The World Series champion might not come out of the American League Central this season, but no one will beat the division for managerial star power.

The Tigers needed a manager after Ron Gardenhire stepped away toward the end of last season for health reasons. Detroit didn't look for the latest young, analytical hipster to lead the team — the Tigers instead reeled in former World Series winner A.J. Hinch as his replacement.

But the White Sox took things a step further, reaching back to the 1970s to bring back managerial legend Tony La Russa to replace Rick Renteria.

La Russa is 76 years old.

Suddenly, the Q-Rating among AL Central managers has taken off like a rocket.

Fans go to games to watch players and not managers — even more so now that instant replay has reduced arguments and kicking dirt on umpires. And it's those players who make managers look good.

But AL Central managers have a whopping 5,574 career wins between them — by far the most of any division. Their 12 World Series appearances are the most as well. And now they have the oldest active manager in La Russa, who takes that spot away from Houston's Dusty Baker, who is 71.

So here's the rundown of AL Central royalty:

•Chicago's La Russa has 2,728 wins, 2,365 losses and three World Series titles, with Oakland and St. Louis.

•Cleveland's Terry Francona has 1,702 wins, 1,434 losses and two World Series titles with Boston.

•Kansas City's Mike Matheny has 617 wins, 508 losses and one World Series appearance with St. Louis.

•Detroit's Hinch has 570 wins, 452 losses and one World Series title with the Astros.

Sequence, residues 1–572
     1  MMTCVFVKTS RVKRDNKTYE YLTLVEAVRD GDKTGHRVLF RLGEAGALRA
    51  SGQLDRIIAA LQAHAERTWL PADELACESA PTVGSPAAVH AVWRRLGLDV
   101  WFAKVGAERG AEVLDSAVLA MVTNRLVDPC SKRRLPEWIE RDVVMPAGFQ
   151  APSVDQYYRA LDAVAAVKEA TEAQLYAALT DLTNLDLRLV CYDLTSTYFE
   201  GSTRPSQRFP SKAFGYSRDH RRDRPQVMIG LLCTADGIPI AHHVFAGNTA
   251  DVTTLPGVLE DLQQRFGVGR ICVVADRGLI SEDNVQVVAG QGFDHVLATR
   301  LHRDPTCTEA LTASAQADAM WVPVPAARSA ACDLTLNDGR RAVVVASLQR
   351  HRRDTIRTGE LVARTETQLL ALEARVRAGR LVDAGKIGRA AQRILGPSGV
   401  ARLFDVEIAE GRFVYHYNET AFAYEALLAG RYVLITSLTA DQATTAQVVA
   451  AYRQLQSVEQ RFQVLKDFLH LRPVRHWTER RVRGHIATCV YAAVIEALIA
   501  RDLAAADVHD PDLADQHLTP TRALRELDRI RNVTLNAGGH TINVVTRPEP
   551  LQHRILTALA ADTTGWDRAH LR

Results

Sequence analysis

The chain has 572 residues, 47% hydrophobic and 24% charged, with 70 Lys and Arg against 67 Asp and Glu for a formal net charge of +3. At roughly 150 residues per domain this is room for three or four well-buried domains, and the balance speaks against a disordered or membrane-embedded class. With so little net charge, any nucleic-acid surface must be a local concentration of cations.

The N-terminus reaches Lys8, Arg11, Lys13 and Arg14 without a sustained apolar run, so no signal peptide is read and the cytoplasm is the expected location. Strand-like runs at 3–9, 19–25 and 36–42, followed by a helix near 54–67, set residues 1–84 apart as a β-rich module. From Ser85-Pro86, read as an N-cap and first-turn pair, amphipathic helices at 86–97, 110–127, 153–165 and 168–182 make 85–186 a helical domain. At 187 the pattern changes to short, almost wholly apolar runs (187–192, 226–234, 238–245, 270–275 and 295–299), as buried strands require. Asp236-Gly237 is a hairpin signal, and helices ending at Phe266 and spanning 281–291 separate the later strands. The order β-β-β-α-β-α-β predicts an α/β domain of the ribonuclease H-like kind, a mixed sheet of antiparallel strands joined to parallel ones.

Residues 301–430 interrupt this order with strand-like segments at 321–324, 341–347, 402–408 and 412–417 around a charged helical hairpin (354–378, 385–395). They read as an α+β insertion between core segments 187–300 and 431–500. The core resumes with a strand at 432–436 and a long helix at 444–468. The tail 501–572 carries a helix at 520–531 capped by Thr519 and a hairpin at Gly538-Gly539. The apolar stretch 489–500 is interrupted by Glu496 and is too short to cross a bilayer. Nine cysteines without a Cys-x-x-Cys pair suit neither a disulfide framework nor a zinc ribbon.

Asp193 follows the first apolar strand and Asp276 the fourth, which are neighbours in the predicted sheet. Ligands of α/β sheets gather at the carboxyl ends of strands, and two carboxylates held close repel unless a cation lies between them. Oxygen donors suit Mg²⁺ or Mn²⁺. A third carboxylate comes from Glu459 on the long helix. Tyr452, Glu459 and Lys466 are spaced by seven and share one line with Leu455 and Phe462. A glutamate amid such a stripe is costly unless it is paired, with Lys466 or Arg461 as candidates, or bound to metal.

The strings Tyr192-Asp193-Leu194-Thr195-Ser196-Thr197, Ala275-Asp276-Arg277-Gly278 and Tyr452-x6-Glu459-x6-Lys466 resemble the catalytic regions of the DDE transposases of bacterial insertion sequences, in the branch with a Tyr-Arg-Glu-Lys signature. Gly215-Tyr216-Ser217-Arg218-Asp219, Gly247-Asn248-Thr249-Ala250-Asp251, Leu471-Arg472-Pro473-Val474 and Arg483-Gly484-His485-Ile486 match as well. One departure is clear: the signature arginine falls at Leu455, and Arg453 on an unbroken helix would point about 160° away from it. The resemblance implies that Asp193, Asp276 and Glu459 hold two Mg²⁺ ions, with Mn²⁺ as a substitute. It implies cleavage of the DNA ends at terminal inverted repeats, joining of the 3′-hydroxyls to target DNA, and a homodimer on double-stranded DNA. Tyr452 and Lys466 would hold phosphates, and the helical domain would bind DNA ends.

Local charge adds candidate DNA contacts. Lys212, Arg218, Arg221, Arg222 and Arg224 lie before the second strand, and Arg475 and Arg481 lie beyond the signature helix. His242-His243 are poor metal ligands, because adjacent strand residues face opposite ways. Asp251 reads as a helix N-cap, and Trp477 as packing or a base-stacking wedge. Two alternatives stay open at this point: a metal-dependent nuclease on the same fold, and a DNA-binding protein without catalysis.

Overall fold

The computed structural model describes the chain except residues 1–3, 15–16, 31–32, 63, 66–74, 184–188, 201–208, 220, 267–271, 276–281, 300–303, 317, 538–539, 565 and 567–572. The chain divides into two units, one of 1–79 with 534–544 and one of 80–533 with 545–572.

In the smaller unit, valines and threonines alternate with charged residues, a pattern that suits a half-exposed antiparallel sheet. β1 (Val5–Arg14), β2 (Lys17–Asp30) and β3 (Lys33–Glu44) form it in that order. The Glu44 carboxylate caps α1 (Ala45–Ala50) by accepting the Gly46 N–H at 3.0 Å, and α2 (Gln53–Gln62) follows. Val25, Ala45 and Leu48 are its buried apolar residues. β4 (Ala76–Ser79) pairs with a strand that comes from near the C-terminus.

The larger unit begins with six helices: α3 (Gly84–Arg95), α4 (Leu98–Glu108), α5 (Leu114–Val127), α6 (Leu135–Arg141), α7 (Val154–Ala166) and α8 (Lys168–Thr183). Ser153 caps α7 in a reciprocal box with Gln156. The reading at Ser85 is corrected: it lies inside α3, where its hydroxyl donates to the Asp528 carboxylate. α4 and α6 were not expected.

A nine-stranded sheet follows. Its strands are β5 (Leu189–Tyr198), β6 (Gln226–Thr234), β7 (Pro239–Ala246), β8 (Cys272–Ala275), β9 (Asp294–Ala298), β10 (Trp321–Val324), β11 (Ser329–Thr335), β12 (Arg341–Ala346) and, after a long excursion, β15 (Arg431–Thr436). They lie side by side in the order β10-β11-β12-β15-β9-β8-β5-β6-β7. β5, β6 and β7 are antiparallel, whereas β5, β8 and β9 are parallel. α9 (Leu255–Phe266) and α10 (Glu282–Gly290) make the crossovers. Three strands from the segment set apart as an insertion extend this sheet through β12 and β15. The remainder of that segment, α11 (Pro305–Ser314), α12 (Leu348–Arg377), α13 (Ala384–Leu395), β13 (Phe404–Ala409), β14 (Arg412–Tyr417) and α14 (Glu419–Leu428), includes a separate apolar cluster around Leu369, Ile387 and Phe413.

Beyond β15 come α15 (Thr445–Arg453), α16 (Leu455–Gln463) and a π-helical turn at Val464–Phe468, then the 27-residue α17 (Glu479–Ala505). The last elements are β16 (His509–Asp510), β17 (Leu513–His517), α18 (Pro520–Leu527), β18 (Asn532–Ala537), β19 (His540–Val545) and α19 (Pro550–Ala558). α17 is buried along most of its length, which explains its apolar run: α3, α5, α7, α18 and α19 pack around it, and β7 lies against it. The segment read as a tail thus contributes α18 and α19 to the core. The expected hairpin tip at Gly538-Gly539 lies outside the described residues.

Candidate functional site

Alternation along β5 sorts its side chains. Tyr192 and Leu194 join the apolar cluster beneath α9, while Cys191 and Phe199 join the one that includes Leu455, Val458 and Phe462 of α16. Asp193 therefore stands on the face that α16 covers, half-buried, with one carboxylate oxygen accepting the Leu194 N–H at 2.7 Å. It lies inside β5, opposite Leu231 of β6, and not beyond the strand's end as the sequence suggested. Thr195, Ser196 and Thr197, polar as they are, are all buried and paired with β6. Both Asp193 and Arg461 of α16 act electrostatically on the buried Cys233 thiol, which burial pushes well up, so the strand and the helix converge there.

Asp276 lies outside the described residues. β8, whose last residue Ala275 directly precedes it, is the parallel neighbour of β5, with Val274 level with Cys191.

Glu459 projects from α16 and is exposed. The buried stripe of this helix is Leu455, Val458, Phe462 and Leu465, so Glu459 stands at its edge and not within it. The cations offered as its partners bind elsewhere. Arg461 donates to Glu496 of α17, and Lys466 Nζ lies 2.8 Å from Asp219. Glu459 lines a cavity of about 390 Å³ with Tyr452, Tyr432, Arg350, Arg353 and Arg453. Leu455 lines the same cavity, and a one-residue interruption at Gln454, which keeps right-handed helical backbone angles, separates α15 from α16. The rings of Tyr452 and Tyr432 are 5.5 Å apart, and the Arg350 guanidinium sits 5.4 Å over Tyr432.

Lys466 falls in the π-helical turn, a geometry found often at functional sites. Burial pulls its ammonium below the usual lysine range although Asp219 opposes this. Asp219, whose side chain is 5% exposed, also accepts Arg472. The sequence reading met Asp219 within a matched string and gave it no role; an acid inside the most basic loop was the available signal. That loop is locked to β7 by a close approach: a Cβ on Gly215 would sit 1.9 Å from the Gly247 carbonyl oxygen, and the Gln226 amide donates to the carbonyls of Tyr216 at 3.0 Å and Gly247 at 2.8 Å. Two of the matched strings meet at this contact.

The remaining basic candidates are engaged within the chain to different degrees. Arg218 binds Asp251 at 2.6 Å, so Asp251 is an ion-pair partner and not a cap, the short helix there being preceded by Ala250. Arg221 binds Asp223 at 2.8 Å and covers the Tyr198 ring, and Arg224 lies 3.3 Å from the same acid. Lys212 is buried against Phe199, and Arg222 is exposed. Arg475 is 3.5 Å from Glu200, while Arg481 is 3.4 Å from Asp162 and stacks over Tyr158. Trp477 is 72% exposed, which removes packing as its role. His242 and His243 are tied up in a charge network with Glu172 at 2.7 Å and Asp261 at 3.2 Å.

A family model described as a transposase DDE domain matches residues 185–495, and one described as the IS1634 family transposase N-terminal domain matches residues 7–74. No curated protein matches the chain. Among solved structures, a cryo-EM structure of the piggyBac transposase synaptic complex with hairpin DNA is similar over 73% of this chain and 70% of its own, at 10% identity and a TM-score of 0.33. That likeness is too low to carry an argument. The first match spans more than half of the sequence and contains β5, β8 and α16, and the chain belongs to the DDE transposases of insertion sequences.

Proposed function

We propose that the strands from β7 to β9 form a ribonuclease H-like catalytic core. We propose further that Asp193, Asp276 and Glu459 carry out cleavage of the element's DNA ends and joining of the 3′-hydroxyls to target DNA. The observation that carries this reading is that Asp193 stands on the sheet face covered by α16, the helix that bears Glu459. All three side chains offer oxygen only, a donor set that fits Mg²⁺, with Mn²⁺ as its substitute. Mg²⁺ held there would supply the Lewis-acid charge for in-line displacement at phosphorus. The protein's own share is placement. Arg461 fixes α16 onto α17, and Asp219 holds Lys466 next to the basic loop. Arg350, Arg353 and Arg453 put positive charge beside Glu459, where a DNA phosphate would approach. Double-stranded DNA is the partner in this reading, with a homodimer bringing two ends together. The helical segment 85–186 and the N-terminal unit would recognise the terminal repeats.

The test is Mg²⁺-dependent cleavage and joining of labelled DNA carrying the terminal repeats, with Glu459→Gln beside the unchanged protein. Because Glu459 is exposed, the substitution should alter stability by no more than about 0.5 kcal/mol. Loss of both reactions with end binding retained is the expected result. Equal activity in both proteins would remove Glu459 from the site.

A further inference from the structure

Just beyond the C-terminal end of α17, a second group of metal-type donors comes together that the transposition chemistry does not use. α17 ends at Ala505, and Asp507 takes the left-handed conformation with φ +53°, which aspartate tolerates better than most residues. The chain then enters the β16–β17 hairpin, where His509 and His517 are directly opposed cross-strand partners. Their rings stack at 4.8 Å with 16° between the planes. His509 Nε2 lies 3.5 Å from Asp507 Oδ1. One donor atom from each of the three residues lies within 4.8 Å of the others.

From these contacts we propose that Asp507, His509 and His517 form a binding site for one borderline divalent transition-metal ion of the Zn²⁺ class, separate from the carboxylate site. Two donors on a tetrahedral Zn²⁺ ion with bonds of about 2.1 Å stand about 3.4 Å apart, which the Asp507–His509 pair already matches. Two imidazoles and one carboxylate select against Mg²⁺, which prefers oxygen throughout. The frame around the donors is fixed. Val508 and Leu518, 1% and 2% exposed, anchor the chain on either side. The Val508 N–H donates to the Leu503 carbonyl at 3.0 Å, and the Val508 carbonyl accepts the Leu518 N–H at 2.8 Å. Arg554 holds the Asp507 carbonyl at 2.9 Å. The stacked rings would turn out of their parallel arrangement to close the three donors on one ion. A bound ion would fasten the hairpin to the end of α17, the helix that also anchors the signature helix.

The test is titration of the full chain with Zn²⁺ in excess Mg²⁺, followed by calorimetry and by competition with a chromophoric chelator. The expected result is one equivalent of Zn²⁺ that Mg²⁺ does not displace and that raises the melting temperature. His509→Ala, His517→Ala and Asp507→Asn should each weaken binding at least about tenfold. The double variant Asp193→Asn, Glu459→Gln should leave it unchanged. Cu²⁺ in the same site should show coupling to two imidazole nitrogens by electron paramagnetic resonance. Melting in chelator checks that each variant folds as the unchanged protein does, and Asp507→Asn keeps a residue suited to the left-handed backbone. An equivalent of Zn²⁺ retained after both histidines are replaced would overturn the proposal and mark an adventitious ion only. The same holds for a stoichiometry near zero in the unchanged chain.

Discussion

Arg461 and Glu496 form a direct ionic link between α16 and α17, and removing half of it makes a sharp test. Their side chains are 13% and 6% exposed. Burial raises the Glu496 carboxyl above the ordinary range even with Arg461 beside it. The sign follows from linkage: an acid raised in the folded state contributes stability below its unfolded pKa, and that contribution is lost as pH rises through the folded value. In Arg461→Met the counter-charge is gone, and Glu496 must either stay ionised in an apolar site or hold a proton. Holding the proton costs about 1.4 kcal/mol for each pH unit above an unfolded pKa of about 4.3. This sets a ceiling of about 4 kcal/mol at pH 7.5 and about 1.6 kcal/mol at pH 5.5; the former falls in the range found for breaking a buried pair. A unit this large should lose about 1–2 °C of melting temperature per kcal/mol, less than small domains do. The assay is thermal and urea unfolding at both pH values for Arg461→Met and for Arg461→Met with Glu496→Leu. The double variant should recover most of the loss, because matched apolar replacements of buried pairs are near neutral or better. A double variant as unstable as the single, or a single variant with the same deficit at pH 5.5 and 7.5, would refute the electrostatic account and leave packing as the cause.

The Twins' Rocco Baldelli has 137 wins, 85 losses and twice has been named the most handsome manager in baseball.

This isn't to poke fun at Baldelli, who's entering his third season as a skipper and has led the Twins to division titles in each of his first two seasons. He's as accomplished as a young manager can be without winning a ring, and the Twins are expected to be in the battle for a third consecutive division title.

But even he remarked how the Central is bursting with managerial acumen.

"I have a lot to still learn, and I think I have a lot of games watching some pretty incredible managers on the other end of the field and I like to learn," Baldelli said. "I'll keep an eye on everything going on out there as we always do. All of these teams in our division are led by very talented people, and I can certainly acknowledge that. It's actually fun for me. I like watching other people work and do their thing."

Baldelli represents all the new-school thinking about today's game: Have a strong relationship with the research-and-development department. Use the entire roster. Work smartly as well as hard. And he's liable to greet one of his players after a home run with a pat on the back while handing them a pillow.

The White Sox will be fascinating to watch because La Russa has been handed an impressive roster with a mix of emerging and established talent. Can Old School Tony mesh with today's player? He has a law degree and is bilingual. The guess here is that he will figure it out.

Francona missed most of last season because of health problems but Cleveland still went 35-25. He returns to a team hoping to score more runs to support a pitching staff anchored by reigning Cy Young winner Shane Bieber.

Matheny took the Cardinals to the World Series in 2013 and hopes to build a contender with the Royals. Brady Singer is their next big hope on the mound, but they have some arms moving through the farm system and shortstop Bobby Witt Jr. might make an impact this season.

Hinch's 2017 World Series title was tainted by Trashcangate, which led to him being suspended for a year. He will work on his reputation with a Tigers team that has some promising young arms while watching Miguel Cabrera close in on 3,000 career hits.

If Baldelli truly likes to study his opposing managers, he has picked the right division.